War Merit Cross (manufactured privately)
Estimated market value:
This Cross was initially instituted by Victor Emmanuel III and it was primarily awarded to members of the military after a year or more of service in which they had engaged in combat against the enemy, and for being wounded during active combatant service.
It was also conferred upon military personnel who had performed an act of valour in combat that did not entitle them to the Medal of Military Valour, and for promotion resulting from war merit. When the Cross was awarded to recognize valour a sword decoration was added to the ribbon. The sword was added as a ribbon attribute on January 7, 1922.
The Cross may be stamped by the mark of the Royal Mint “Z,” have no engraver mark, or feature the engraver mark of a private manufacturer. The known marks of private manufacturers include “B” (Bologna), “F” (Florence), “M” (Milan), “R” (Rome), “J,” “S.J.” (Stefano Johnson, Milan), “F.M.L.” (Fratelli Lorioli, Milan), “H,” “A,” “P,” and “FZ.” The crosses with the marks of private manufacturers are very rare.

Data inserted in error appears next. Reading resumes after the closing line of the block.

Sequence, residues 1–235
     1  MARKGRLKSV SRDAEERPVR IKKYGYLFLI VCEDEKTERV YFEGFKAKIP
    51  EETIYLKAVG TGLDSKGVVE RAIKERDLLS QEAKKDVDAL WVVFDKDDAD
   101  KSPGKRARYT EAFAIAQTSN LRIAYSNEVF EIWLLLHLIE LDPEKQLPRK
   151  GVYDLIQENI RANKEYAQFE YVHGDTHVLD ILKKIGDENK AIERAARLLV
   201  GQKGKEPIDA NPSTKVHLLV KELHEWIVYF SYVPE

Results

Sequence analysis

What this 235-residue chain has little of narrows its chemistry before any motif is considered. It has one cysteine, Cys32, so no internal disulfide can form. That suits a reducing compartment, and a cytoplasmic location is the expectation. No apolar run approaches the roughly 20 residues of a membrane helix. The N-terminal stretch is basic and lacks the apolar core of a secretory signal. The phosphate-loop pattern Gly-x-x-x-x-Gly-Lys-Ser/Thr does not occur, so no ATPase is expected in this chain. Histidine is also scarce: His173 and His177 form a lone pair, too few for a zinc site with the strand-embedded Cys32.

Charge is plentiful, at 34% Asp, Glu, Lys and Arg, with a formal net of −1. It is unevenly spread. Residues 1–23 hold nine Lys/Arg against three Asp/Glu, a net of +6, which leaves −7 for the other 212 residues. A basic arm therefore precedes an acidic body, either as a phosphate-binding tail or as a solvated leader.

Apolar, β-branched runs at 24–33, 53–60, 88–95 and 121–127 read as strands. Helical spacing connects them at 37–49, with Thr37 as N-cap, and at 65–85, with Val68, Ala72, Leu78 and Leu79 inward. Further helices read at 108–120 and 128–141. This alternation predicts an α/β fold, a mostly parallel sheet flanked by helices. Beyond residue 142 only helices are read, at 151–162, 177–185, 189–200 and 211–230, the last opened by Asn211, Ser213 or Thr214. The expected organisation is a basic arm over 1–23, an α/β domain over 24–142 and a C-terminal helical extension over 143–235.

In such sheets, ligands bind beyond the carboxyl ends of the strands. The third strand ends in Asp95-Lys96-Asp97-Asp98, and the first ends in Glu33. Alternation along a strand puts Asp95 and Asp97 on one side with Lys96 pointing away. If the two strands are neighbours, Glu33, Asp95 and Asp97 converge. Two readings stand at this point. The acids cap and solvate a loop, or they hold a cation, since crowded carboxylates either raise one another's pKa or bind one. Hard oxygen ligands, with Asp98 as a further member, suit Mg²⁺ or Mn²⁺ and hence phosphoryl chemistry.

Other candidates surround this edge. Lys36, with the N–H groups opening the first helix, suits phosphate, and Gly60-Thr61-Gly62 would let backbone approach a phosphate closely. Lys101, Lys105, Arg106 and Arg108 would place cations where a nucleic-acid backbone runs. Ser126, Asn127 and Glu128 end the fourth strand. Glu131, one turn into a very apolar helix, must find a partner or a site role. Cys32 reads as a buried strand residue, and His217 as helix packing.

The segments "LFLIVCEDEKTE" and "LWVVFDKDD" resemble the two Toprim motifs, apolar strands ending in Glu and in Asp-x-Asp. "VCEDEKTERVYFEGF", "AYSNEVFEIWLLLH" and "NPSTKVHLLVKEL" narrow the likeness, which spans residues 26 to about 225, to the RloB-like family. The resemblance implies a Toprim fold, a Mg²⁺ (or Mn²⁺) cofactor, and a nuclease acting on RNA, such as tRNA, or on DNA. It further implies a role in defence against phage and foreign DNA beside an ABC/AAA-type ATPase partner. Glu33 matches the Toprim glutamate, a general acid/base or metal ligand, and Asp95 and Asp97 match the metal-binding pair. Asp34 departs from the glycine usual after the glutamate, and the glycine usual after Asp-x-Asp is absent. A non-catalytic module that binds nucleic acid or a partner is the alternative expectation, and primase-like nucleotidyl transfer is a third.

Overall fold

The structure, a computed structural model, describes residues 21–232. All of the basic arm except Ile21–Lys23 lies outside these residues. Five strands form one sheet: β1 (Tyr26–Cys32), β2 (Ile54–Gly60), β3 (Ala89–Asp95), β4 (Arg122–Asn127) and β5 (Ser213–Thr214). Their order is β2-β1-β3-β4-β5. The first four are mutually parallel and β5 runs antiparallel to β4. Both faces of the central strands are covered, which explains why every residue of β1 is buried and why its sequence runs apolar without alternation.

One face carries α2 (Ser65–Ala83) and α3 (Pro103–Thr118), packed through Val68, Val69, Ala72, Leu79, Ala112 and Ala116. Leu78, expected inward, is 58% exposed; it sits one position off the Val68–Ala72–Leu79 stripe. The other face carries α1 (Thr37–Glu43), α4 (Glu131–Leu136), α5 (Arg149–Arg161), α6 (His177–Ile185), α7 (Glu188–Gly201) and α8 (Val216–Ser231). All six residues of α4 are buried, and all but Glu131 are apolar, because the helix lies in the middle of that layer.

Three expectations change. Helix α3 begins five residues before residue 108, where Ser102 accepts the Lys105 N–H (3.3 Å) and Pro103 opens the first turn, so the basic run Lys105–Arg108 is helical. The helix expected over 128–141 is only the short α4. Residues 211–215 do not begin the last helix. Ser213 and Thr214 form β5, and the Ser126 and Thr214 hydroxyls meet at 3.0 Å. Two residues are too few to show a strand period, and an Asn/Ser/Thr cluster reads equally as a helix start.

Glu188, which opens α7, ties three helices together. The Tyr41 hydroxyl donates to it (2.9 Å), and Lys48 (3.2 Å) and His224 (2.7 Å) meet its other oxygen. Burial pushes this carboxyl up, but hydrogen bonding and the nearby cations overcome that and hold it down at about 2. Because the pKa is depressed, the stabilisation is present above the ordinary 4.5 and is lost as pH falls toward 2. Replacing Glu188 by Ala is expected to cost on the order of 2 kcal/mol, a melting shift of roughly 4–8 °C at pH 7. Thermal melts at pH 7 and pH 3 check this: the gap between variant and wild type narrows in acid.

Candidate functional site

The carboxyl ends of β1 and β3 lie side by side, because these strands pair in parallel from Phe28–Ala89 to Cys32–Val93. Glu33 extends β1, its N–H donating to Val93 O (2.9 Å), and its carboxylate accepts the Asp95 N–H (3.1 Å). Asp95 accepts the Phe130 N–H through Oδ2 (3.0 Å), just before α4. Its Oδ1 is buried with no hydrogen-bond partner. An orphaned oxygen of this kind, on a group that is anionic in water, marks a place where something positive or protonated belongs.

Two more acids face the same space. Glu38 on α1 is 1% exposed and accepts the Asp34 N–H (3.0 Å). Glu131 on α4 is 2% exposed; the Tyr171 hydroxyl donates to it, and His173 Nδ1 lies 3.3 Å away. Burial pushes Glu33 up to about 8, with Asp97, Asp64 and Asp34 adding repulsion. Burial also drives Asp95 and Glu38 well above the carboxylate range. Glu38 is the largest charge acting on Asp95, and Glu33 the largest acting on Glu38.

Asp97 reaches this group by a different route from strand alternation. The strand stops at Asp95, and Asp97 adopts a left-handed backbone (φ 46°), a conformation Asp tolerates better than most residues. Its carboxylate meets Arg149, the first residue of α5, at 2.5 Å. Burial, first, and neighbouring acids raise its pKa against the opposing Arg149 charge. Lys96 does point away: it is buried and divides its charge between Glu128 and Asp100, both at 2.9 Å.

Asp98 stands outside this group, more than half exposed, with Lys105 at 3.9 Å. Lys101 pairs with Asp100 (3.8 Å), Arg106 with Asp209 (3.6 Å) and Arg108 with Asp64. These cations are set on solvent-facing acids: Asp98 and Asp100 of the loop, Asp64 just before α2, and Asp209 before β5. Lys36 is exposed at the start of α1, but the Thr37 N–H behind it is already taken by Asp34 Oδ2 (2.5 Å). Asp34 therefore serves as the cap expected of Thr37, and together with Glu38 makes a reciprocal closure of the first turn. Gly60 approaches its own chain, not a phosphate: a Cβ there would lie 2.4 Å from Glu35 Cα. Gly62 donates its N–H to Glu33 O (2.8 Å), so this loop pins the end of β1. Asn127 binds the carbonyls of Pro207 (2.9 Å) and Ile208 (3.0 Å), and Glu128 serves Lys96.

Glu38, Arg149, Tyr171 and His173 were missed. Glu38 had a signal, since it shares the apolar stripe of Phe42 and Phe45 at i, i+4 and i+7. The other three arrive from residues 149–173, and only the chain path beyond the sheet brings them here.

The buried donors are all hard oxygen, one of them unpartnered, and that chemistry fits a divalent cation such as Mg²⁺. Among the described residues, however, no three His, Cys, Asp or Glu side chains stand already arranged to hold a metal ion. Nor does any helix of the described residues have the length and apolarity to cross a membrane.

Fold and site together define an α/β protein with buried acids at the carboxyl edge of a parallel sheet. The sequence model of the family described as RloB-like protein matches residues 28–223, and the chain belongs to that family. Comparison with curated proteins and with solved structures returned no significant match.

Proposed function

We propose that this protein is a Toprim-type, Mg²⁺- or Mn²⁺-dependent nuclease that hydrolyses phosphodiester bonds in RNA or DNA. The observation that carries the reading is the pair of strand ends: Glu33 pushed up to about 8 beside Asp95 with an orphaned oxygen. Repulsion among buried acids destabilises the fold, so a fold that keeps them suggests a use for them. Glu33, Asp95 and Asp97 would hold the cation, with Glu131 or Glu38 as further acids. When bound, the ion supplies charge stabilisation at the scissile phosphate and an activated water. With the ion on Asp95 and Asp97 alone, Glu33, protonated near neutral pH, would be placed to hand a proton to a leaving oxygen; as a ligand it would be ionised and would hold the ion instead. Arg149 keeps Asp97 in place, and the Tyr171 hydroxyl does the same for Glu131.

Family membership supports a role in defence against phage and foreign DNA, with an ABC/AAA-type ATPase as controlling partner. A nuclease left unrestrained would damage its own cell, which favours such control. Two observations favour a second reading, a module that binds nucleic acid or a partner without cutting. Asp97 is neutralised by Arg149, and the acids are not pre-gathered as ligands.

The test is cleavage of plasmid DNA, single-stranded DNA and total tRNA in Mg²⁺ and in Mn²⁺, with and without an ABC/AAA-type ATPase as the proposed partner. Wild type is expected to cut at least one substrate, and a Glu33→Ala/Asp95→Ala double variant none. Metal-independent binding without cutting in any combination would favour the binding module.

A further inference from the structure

The ribbon may also be decorated with a bronze-coloured crown decoration to recognize wartime service, and a bronze-coloured star to indicate the second or third concession of the Cross; it could not be awarded more than three times to a single recipient.
The Cross was officially replaced by the Cross for Military Valour in 1941.
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